It seems that Michael Adebolajo, one of the two men found guilty of the murder of Lee Rigby, is appealing against his conviction. The average person, with an average comprehension of the concept of guilt, might think this a little odd, but we have come to expect such appeals as a standard part of our criminal justice system.
It’s hard not to remember Lee Rigby. He is the soldier of the Royal Regiment of Fusiliers who was murdered on the streets of Woolwich in May 2013. The case was horrific, as the images and news reports of the murder testified at the time. One might say it was barbaric, but we tend to resist such words for their other connotations – though it was barbaric; there is no disputing the truth of that statement.
We know that Adebolajo is guilty for two reasons. Firstly, there was the evidence we all got to see thanks to witnesses capturing the incident on their smartphones and then passing them on to various media outlets for transmission. Citizen journalism, I think it’s called. The images were enough to show pretty conclusive guilt, but when added to the admission and preposterous rhetoric of these Islamists – ‘soldier of Allah’ and the like – the evidence is damning.
Secondly, and most importantly, the jury sitting in the Old Bailey found him guilty. That is how we measure criminal guilt – innocent until proven guilty and all that. Magna Carta is our primary reference for jury trials, and Adebolajo was found guilty ‘by lawful judgement of his peers’ and by ‘the law of the land.’ Thus he is guilty. Any other system is arbitrary in nature, so we should be thankful that we have this tradition and that the jury was allowed to make its free decision on the guilt of these men.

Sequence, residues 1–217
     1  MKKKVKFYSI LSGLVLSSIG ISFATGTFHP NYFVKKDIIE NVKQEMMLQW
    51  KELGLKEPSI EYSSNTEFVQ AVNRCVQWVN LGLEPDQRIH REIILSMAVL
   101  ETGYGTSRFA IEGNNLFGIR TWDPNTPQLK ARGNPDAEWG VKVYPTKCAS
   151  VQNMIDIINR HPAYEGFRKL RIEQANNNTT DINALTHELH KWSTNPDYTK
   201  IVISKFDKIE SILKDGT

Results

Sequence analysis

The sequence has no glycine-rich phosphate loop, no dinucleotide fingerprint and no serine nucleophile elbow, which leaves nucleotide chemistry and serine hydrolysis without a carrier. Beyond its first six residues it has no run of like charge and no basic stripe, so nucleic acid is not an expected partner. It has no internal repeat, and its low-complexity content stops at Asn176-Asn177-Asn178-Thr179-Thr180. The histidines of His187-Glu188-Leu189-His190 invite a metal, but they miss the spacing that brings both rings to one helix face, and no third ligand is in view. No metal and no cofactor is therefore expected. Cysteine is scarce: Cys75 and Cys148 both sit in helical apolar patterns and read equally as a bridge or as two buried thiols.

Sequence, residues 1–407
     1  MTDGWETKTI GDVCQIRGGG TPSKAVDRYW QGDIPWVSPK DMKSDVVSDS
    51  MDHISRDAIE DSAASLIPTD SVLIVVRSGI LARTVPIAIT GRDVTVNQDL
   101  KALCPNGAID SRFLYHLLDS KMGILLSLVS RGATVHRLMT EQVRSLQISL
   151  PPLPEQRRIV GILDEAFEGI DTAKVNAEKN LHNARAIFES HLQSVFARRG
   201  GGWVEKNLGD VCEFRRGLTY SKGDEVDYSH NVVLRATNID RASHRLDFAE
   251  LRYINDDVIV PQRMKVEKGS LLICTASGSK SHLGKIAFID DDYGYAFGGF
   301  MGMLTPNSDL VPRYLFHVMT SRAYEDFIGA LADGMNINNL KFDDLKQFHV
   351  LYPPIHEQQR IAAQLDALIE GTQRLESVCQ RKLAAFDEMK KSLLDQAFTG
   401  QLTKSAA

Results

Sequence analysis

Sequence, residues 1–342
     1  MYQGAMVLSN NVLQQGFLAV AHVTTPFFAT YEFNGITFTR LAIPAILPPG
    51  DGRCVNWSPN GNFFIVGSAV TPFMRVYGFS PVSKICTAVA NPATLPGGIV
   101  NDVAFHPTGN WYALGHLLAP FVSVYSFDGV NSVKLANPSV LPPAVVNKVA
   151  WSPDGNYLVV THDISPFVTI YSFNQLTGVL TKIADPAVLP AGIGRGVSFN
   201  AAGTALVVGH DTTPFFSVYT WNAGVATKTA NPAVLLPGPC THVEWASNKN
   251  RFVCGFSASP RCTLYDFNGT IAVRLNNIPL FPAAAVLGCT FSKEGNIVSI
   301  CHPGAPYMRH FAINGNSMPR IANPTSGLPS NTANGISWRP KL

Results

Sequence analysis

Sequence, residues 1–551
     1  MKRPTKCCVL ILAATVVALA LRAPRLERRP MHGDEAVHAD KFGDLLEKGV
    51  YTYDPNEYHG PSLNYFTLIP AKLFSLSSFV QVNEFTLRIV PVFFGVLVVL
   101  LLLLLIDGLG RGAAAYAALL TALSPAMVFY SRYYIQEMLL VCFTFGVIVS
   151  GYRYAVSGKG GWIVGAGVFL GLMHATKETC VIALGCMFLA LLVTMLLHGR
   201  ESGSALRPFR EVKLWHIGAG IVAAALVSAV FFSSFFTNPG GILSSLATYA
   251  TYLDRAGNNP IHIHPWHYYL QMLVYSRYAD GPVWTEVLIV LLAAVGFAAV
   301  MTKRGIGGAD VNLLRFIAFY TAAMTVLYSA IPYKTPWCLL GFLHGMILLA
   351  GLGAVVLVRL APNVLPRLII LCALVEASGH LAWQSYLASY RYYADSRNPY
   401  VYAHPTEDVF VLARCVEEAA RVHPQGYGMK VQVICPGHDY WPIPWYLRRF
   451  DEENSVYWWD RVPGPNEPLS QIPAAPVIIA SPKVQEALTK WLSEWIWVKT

But there is a problem. In fact, there are several problems. Although the guilty verdict was made in December 2013, neither of the killers has yet been sentenced. This is, as the presiding High Court judge, Sir Nigel Sweeney, tells us, because he is waiting for another Appeal Court ruling. There it is: a criminal, who has not received sentence because of an appeal, is lodging his own appeal against his conviction. As Shakespeare might have said: ‘The course of true justice never did run smooth.’ On this occasion, we await the result of the EU’s challenge to the British approach to whole-life sentences. Another knotty little issue!
A second problem is that Adebolajo is appealing at all. We have a system of appeal to protect the innocent from injustice. We like our jury system, but occasionally juries get it wrong, or new evidence comes forward after the original trial, or lawyers abuse accepted legal procedure. And yet it is hard to see on what grounds either of these two murderers might appeal against their convictions. It seems that appealing is simply the thing that happens after a conviction, even in the most clear-cut of cases.
Considering the evidence, the most likely outcome is for the appeal to be rejected at the first hearing. But it will be interesting to see what the lawyers come up with. If it’s good, then the public might just wear it, but if it’s just another spurious and legalistic game, then anger and cynicism might just be the outcome.